For all New Mercury fans who’ve been wondering what’s happened to us: we’ll be back on Saturday, January 28th, featuring four more Baltimore writers who also reflect the depth of diversity and talent. Brian Morton, City Paper columnist and magician; Ramsey Flynn, journalist, author, and one-time Baltimore Magazine general editor; recent journalism graduate Amy Lakis; and Edit Barry, blogger, visionary, writer/editor. More on all of these people as soon as we can get the photographs up. Posters too! But for the moment, save the date. This should be a good one. As usual, it’s at the Windup Space, at North Avenue and Charles Street in the Arts District. No entrance fee, and the Windup Space is doing this out of the kindness of their hearts, so bring friends and buy drinks!
Spots for readers have been filling up, so check this site soon for listings for February and March.
Brian Wendell Morton is an award-winning radio reporter and newspaper columnist. He began his career as a student journalist at the University of Maryland where he and a partner won the national spot-news award for print journalism from the Society of Professional Journalists for covering the drug trial following the death of collegiate basketball star Len Bias.
He continued as a reporter at all-news radio station WTOP in Washington where, while covering everything from local politics to the inauguration of George H. W. Bush, he won awards from the Chesapeake Associated Press and the Dateline Chapter of the Washington Society of Professional Journalists. At WBAL Radio in Baltimore he distinguished himself with another AP award for his coverage of a freak tornado landing in a Baltimore suburb.
In 1994 he originated the “Political Animal” column for Baltimore’s City Paper, which he wrote until 1996 and then resumed in 2002. In 2006 he also he hosted the “Weekly News Roundup” for Baltimore’s public radio station WYPR.
Edit Barry writes a blog called Re:education in Baltimore (http://editbarry.wordpress.com), about her experiences as a city mom working to improve her neighborhood public school in the face of a massive overhaul of the public education system in America. For a living, Edit writes viewbooks, capital campaign case statements, and entire magazines and websites for an award-winning agency that markets colleges, universities and independent schools. (And which gives her access to the InDesign software she uses to create The New Mercury Readings flyers each month.) Edit has written recently for Baltimore Fishbowl and less recently for Baltimore City Paper, In These Times, Slingshot! and a defunct literary magazine called Croonenbergh’s Fly. She lives in Hampden with her husband and son.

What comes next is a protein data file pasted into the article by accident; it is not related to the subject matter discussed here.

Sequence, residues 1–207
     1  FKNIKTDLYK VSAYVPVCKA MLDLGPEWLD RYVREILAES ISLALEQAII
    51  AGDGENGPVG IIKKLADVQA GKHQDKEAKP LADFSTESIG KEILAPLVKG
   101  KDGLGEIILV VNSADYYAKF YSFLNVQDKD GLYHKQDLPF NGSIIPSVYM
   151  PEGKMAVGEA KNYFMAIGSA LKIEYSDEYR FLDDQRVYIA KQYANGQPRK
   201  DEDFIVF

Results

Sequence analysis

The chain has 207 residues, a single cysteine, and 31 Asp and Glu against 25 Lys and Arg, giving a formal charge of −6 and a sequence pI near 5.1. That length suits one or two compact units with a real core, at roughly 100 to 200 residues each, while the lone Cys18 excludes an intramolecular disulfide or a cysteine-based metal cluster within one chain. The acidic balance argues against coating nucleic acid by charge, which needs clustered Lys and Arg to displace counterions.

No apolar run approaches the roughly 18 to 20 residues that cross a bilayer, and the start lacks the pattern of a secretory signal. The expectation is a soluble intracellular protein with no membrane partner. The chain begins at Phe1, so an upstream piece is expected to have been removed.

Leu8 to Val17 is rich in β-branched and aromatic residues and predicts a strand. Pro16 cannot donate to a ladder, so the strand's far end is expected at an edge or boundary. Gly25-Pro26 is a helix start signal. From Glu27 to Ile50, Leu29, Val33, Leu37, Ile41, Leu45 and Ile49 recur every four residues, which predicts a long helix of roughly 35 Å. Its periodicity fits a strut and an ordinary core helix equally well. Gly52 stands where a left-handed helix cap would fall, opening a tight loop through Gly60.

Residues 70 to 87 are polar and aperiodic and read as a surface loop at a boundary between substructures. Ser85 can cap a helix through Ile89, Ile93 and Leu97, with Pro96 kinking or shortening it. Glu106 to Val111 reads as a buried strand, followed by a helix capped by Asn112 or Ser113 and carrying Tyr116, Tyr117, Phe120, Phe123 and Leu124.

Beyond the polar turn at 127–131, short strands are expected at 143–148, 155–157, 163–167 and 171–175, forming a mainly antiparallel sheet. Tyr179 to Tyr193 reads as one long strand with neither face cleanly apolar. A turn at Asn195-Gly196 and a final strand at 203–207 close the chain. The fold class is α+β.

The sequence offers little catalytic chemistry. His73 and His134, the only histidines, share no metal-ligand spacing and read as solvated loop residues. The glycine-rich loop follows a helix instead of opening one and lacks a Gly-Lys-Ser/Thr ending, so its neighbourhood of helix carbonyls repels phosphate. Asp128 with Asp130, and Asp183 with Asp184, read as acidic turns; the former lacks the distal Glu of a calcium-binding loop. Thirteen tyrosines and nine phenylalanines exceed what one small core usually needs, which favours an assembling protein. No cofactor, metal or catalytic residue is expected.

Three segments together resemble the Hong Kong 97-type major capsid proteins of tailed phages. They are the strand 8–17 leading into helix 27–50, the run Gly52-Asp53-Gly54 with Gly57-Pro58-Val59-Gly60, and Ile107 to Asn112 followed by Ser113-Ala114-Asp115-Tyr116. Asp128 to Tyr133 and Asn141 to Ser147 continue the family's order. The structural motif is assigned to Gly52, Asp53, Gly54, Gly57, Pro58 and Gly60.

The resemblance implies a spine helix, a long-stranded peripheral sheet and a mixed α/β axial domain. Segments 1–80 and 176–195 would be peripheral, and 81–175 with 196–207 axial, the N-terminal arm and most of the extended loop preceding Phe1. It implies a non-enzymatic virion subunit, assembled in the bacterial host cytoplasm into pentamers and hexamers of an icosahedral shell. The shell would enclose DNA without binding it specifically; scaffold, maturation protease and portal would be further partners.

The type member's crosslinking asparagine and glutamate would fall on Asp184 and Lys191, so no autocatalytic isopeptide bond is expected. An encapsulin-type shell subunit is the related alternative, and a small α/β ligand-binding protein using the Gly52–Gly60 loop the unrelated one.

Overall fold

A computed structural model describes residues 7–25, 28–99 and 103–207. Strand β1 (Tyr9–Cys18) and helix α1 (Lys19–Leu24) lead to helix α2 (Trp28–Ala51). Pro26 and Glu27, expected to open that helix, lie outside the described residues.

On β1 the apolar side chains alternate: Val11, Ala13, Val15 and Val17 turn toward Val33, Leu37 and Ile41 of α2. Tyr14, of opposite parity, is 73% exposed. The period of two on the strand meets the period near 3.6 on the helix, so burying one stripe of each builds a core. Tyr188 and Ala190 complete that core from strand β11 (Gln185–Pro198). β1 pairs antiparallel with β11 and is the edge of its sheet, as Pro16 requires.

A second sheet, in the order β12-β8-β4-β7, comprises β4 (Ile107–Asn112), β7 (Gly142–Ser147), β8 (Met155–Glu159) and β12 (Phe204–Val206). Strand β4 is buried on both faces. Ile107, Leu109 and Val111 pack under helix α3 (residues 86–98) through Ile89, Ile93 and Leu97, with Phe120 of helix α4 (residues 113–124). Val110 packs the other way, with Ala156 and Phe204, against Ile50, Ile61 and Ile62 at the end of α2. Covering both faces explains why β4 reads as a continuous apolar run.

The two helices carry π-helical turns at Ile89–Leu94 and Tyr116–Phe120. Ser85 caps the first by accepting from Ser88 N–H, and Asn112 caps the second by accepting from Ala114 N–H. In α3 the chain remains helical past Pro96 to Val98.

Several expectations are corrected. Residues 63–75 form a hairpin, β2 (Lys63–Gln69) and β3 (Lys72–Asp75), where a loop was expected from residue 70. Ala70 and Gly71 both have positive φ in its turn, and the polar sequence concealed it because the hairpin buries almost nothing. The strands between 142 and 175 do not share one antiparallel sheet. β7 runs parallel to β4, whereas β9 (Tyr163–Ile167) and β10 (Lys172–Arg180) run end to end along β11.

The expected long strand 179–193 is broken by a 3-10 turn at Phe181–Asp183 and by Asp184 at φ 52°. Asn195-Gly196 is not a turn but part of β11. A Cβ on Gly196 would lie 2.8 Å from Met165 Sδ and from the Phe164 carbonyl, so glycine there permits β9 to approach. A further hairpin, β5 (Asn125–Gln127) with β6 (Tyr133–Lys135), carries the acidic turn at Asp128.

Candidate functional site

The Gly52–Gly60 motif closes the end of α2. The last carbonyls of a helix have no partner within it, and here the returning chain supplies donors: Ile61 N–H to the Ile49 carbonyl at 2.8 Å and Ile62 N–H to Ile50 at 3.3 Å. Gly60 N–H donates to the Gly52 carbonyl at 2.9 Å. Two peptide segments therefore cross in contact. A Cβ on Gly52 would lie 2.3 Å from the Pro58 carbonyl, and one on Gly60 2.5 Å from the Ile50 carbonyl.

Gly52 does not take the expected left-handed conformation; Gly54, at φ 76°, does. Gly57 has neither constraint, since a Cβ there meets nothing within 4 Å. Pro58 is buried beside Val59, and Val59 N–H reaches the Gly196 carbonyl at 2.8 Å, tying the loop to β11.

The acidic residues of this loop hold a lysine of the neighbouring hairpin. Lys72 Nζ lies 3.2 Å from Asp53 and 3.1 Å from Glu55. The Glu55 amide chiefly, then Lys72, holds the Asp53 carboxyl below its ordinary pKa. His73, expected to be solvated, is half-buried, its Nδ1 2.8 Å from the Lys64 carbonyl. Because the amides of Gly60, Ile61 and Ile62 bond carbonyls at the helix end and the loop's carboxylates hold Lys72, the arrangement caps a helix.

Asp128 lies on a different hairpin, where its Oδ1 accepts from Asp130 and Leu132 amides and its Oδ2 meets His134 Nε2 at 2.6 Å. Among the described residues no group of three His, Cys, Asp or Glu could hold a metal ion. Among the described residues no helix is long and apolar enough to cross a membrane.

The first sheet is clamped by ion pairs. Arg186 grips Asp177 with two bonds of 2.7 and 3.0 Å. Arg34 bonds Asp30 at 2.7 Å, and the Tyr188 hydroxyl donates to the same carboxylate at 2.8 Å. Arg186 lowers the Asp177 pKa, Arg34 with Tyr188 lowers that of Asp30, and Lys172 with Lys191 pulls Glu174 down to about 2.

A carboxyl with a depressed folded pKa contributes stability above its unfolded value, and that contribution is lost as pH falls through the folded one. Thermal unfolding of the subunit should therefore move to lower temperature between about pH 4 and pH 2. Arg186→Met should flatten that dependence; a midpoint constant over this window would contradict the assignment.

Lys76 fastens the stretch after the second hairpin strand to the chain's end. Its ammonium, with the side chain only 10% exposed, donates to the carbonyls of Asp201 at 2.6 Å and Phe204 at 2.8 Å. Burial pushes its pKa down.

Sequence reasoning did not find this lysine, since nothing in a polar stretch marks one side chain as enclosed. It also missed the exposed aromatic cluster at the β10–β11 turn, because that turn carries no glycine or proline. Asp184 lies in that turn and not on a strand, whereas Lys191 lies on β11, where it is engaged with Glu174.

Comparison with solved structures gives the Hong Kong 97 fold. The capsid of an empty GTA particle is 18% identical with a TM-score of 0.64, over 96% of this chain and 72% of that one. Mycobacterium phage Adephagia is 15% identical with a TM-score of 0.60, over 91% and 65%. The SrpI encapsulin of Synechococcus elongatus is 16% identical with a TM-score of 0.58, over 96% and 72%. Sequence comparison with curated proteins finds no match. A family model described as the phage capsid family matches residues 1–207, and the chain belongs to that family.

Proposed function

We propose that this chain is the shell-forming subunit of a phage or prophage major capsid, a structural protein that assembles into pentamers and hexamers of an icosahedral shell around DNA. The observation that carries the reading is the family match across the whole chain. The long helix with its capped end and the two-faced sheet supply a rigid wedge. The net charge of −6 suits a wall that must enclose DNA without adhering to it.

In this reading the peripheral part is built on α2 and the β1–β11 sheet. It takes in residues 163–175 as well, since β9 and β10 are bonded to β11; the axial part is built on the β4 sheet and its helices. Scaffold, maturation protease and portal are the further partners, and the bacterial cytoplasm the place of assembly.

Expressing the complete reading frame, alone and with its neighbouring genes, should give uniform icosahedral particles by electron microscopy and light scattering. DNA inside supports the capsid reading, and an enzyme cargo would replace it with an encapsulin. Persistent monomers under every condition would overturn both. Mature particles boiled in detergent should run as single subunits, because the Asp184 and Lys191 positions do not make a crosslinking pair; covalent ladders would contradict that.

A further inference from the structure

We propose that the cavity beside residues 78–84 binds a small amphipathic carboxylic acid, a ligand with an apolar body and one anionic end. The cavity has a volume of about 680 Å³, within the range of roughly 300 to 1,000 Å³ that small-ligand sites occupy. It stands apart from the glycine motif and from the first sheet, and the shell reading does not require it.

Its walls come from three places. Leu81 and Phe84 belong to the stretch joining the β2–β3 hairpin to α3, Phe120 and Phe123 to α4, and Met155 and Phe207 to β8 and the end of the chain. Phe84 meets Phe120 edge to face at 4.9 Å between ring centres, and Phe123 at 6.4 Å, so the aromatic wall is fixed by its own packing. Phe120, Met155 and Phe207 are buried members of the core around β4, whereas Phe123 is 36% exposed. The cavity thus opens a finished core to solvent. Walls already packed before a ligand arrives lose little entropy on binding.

A winner of the most prestigious prize in American magazine journalism, the National Magazine Award, Ramsey Flynn has deep experience in a wide range of work as a reporter, writer and editor. He has worked at magazines that include Baltimore, Washingtonian, Philadelphia and New York-based Brill’s Content.
As chief editor of Baltimore magazine from 1993 to 1998, Flynn delivered a magazine that in 1994 won more awards than in any previous year. In 1998, his reportorial essay for Esquire about his own heart surgery at Johns Hopkins, “You Haven’t Lived Until You’ve Died,” was also one of five finalists for the National Magazine Award for Essays & Criticism.
His definitive investigative book on Russia’s much-disputed Kursk submarine disaster, Cry From the Deep, was published by HarperCollins in 2004. Flynn has served both on camera and off in documentaries for NBC News, The History Channel and National Geographic Television.
During a five-year turn with Johns Hopkins Medicine that started in 2005, Flynn specialized in clinical features for its flagship magazine, a thrice-yearly publication aimed at 45,000 readers comprised mostly of the medical school’s faculty, alumni, students, friends and donors throughout the world.
Amy Lakis has had a successful career in Industrial sales and operations. She spent the past three decades juggling career, family and school. Finally, this year, she obtained a long, sought-after degree in Journalism from Towson University. Amy believes that there is an artist within all of us. She has dabbled in local theatre, done some painting, dancing and singing . Ever since winning a creative writing award in the third grade, Amy knew her real passion was for crafting the written word. When, and if, she ever grows up, she would like to become a writer.